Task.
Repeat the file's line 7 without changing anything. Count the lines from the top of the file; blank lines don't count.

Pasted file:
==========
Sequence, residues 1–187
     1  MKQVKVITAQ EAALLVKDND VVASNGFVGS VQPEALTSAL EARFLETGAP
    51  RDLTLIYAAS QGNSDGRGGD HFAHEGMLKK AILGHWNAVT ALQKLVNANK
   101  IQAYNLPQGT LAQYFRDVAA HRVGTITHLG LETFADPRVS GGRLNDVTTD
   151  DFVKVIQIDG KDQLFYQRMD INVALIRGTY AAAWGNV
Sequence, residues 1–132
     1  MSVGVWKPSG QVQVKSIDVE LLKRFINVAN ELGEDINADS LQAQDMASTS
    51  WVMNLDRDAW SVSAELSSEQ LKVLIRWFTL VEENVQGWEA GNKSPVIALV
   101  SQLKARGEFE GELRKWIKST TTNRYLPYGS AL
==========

     1  MSVGVWKPSG QVQVKSIDVE LLKRFINVAN ELGEDINADS LQAQDMASTS